This is not the only reason I remain skeptical of badges. According to hooks, “We are not all equals in the classroom. Teachers have more power than students. And in dominator culture it is easy for teachers to misuse that power.”4 Our use of badges mirrored dominator culture, which valued college graduates merely to participate in a capitalist workforce economy. We misused our power and reinforced a hierarchical and oppressive approach to education. While badges were not the problem itself, they served to reinforce the greater neoliberal tensions at play in higher education.

Too, competency or skills-based education can serve to oppress students, keeping them from liberatory knowledge, or from discovering the unknowable. This can also be called esoteric knowledge, which is theoretical, conceptual, and transcendent.5 Leesa Wheelahan argues that competency or skills-based education can also serve to keep learners from transcending social structures of power and class and disempowers students.6

Learning outcomes are important for my daily work as an educator, and competencies are a facet of public health education accreditation. For educators there must be a balance between learning outcomes, assessment, and the point at which they cause harm. How can we use and reinforce learning outcomes with this in mind? How could we use and interrogate badges in the classroom so that students viewed them with a critical eye rather than steps to neoliberal “success”?

As an educator my mission has always been to help students develop critical thinking skills, to help liberate them into different ways of knowing, and to provide a public good. When I realized that my work with badges was antithetical to my mission, I was saddened and dismayed. Based in my experience, my answer to the question, “To badge or not to badge?” is “Never again.” Not until I can do two things: reconcile the tension between my paternalistic aims as an educator with students’ self-stated needs for success and use badges in a way that allows students to gain necessary skills as well as critically evaluate badges within a neoliberal higher education system at the same time. Only then will I badge again.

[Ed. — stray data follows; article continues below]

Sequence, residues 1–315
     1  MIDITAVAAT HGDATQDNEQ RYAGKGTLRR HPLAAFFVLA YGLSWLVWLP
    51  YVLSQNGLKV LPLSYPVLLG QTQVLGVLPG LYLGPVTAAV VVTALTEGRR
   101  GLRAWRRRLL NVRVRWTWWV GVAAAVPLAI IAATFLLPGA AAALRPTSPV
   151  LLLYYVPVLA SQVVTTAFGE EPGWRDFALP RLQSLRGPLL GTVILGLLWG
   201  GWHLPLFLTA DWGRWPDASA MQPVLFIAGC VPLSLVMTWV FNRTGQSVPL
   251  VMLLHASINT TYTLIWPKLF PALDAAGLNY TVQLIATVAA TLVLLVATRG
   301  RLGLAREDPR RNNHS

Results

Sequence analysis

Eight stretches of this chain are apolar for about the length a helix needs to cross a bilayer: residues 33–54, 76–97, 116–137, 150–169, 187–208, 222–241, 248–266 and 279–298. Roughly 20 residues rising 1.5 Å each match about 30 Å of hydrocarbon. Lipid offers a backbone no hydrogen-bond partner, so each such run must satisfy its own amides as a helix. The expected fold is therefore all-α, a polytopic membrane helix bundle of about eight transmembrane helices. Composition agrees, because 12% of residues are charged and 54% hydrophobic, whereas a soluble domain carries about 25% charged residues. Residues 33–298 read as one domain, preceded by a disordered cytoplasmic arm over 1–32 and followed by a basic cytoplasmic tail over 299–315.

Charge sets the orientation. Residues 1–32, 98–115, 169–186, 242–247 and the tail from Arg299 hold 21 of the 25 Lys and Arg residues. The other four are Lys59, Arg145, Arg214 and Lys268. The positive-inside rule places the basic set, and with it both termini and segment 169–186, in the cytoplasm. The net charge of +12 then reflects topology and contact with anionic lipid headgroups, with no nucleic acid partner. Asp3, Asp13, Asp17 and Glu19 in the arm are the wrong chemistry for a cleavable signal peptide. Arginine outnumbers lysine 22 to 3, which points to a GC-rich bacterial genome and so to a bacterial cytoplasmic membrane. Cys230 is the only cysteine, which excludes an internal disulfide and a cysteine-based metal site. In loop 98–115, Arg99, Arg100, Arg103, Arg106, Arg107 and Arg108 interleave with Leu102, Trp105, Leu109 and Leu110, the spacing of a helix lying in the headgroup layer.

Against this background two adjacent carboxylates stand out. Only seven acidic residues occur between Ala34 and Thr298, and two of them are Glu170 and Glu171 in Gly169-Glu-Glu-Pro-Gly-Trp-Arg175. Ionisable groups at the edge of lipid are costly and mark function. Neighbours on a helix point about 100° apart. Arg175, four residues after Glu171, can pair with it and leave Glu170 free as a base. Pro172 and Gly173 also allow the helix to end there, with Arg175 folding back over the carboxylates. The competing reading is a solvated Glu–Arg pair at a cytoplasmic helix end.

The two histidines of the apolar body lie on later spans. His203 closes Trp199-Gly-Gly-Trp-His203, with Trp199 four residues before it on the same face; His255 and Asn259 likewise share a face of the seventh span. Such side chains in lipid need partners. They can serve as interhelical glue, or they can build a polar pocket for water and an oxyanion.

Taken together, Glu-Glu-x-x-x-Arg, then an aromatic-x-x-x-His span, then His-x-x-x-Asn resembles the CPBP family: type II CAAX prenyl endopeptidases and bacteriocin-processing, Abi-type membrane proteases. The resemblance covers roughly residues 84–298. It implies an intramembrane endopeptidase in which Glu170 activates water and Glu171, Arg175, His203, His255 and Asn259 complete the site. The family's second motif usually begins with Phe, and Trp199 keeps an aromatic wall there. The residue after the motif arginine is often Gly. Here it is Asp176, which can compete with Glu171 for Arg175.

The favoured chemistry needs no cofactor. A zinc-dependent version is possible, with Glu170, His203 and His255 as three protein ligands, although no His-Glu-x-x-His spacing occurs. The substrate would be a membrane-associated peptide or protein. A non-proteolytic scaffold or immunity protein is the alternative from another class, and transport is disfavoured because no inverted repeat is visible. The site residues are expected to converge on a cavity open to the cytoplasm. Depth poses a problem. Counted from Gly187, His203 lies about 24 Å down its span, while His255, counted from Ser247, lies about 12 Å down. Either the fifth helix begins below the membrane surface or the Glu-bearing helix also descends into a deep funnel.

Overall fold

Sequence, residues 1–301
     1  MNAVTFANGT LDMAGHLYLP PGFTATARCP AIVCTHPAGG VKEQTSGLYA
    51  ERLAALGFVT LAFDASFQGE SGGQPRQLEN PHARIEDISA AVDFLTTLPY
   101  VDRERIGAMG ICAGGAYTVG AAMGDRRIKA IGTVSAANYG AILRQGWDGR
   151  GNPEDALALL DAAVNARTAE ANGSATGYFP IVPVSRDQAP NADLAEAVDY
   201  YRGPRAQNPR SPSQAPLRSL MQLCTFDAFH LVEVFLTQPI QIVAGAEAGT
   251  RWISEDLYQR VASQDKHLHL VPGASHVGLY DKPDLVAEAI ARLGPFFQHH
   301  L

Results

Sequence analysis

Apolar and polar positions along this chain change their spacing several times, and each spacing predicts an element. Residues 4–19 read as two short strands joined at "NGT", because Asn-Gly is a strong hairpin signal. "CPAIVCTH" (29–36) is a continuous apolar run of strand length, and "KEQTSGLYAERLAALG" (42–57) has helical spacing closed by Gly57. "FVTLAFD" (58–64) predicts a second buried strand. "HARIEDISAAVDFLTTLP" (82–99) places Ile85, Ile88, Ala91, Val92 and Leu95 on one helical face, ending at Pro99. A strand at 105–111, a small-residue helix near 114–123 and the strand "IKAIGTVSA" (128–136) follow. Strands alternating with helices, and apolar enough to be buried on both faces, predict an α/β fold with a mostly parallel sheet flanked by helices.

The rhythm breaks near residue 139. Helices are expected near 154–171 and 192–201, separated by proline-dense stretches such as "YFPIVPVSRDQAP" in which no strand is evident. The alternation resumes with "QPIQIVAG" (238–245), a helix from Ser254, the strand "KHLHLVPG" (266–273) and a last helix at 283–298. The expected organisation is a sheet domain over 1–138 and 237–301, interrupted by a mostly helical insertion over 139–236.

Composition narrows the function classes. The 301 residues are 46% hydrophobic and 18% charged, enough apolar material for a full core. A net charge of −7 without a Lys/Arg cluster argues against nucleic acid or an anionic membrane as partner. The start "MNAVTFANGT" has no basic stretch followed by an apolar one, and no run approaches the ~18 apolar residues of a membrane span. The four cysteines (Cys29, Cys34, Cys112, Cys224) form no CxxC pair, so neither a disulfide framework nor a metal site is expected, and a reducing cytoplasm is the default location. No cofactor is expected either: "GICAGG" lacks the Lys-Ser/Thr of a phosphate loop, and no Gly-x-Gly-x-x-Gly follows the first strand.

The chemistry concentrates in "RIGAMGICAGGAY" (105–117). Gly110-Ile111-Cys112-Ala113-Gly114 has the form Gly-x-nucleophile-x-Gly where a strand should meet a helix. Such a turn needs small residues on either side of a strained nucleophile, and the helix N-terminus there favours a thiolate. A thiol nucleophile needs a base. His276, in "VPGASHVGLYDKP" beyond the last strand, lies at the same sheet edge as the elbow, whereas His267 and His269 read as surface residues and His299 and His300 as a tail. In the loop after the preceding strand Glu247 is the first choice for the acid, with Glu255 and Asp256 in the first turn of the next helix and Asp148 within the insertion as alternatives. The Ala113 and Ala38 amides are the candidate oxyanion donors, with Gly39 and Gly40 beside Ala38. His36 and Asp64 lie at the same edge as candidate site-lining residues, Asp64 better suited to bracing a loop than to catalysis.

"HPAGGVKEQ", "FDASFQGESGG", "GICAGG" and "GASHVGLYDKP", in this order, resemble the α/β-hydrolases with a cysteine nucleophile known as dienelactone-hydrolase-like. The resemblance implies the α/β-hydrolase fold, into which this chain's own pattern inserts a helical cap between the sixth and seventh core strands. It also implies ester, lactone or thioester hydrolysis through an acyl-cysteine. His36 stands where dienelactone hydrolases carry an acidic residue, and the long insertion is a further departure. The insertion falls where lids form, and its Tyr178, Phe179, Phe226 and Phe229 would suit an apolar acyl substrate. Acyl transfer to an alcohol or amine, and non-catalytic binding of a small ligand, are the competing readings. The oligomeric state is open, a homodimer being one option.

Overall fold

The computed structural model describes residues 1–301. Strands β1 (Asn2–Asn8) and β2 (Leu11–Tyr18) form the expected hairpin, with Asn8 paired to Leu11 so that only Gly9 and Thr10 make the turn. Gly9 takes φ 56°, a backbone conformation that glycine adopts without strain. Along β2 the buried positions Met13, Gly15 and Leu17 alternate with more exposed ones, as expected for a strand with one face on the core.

Notes
1.

Learn more details about the project on the project web page at https://www.pdx.edu/oai/provosts-challenge-projects-139, or read our article “Badge it! Using Digital Badges to Certify Information Literacy Skills within Disciplinary Curriculum” (http://pdxscholar.library.pdx.edu/liw_portland/Presentations/Publications/12/) published in Reference Services Review.

2.

For more on these survey results, see To Badge or Not? Towards and Intersection of Neoliberalism and Information Literacy Instruction, presented at the 2016 Workshop for Instruction in Library Use, at https://open.library.ubc.ca/cIRcle/collections/58233/items/1.0304650.

3. bell hooks, Teaching to Transgress: Education as the Practice of Freedom (New York: Routledge, 1994 ).
4. bell hooks, Teaching Critical Thinking: Practical Wisdom (New York: Routledge, 2010 ), 114 .
5. Wheelahan, L. , “How Competency-based Training Locks the Working Class out of Powerful Knowledge: A Modified Bernsteinian Analysis. ,” British Journal of Sociology of Education 28, no. 5 (September. 2007 ): 637-51 –. doi: [CrossRef] .
6. Wheelahan, L. , “The Appropriation of Constructivism by Instrumentalism: The Case of Competency-Based Training. ,” in Why Knowledge Matters in Curriculum: A Social Realist Argument. New Studies in Critical Realism and Education (New York: Routledge, Taylor & Francis Group, 2012 ), 126-144 –.
Copyright © 2017 Emily Ford